You love your horse that is why theft is always a concern for horse owners. While you can’t be with your horses 24 hours a day, you can be proactive and minimize the risk of equine theft.
Identify your horse
Horses with visible identification, such as a freeze brand, are less appealing to thieves. Tattoos and microchips can also permanently identify your horse, making it easier to reestablish ownership if he should ever be stolen. Be aware, though, microchips aren’t a surefire identification strategy, since there are multiple kinds of microchips which require different scanners to read them.
Maintain current records
Keep up-to-date records on every horse. Include copies of all ownership papers. Also include photos which could help to identify your horse. Take photos of facial markings, unusual coat whorls, scars, permanent blemishes, and your horse’s tattoo or freeze brand, if he has one. If your horse is microchipped, include a copy of his microchip registration in your records, as well.
Observe your farm carefully
Know who should be present at your farm, and when. Keep an eye out for unfamiliar people or vehicles, especially if they appear repeatedly. Take note of the make, color, and license plate of strange vehicles, if possible.
Make trailers inaccessible
Store your horse trailers out of sight and far from the road. Keep them locked, and keep hitch locks on them with the keys stored securely. Also be sure to lock your trucks and remove the keys.
Posting signs around your property can help to prevent theft. “Beware of Dog” signs, or signs which identify that a security system is in place can be helpful. Also consider posting signs on the horse stall doors stating that each horse is microchipped.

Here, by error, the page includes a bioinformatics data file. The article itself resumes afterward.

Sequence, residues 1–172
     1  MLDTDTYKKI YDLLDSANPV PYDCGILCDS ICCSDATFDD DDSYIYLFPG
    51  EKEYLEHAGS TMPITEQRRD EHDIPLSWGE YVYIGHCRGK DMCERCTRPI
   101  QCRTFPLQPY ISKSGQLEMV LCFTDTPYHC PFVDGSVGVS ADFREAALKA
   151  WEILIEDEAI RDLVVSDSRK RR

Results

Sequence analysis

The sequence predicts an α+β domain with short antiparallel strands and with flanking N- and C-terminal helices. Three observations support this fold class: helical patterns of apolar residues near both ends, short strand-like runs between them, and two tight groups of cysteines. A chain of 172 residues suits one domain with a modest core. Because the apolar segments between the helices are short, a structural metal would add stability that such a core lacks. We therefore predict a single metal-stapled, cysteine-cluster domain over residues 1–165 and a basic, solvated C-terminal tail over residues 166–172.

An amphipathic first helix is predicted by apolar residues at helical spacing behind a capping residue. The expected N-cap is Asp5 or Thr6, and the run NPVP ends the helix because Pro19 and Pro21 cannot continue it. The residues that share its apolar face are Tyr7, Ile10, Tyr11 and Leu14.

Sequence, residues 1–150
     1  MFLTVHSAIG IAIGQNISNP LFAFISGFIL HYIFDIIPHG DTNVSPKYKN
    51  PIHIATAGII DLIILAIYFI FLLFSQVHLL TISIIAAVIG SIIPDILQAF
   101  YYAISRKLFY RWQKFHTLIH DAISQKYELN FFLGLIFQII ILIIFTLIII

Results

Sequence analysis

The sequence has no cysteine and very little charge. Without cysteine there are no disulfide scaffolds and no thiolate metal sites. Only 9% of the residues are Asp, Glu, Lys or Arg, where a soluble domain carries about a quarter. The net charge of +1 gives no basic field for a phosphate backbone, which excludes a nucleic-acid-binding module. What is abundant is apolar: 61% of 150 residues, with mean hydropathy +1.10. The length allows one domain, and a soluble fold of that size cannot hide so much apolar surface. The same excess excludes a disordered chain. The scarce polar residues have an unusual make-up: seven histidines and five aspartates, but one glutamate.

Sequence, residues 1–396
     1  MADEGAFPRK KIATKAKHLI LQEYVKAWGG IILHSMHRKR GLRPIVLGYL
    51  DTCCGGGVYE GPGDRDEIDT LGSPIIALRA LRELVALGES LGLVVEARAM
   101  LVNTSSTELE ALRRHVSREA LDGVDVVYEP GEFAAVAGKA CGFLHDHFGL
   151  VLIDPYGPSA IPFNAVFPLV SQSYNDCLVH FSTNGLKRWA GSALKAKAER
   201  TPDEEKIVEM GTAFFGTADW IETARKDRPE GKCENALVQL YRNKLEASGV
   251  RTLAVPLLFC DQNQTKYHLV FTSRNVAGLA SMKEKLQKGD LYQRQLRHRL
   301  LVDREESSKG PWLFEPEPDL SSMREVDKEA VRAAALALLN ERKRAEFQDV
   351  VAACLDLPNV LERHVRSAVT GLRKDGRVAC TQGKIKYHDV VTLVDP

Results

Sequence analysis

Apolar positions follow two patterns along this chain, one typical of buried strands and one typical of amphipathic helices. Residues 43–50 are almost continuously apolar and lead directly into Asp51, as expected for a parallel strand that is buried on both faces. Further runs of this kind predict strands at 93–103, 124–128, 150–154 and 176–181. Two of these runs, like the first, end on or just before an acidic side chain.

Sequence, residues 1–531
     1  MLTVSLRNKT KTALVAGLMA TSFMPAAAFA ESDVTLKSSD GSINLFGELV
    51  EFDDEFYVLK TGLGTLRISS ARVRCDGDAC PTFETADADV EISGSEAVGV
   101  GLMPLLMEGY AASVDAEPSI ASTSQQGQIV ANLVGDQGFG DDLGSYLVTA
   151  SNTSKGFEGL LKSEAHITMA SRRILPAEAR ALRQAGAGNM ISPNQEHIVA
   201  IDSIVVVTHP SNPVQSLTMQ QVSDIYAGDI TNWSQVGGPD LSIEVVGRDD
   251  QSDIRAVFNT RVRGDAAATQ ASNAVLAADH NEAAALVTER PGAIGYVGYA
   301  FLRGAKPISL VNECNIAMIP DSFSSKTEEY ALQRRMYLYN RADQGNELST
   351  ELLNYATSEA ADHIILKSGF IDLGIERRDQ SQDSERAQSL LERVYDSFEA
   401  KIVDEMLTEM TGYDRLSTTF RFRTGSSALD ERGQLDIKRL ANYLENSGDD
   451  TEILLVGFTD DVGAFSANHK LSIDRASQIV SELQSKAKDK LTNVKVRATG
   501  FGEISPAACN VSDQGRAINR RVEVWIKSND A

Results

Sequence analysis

Consider paddock safety
Try to avoid ever locating paddock gates close to the road. If you do have gates which border the road, make sure that they are heavy-duty and always kept chained and locked. When you turn out your horses, remove their halters and take their halters back into the barn – this would make horses more difficult for a thief to catch.
Make your farm unappealing
Little measures, such as keeping property gates closed, can help deter thieves. If you don’t already have them, install security lights on your farm to draw attention to movement and to make it more difficult to approach the barns without alerting others. Try to frequently alter your routine, and consider investing in a security system for your barn.
Keep your farm well-attended
A clearly inhabited house on the barn’s property is a major deterrent to thieves. Make sure that lights are on at night, and try to always leave a vehicle in the driveway, even if no one is actually home. If you go away for a few days, invest in a house- and barn-sitter who can stay overnight at the house to be a presence on the grounds.
Stay in touch with your neighbors
Your neighbors can be powerful allies in preventing equine theft. Let them know who is supposed to be present at your farm, and have them keep an eye out for unusual activity. Offer to do the same for them, and keep in touch to update each other about any concerns seen in your neighborhood.
Plan ahead and stay alert to head off horse theft before it can occur. Make yourself very present on the premises, and keep your barn well-attended and monitored. Report any suspicious activity you observe to the police, and be proactive to avoid horse theft.
Image Source: Photography by Brittany Sparham
This entry was posted on Friday, May 3rd, 2013 at 9:50 am and is filed under Pasture Management. You can follow any responses to this entry through the RSS 2.0 feed. Both comments and pings are currently closed.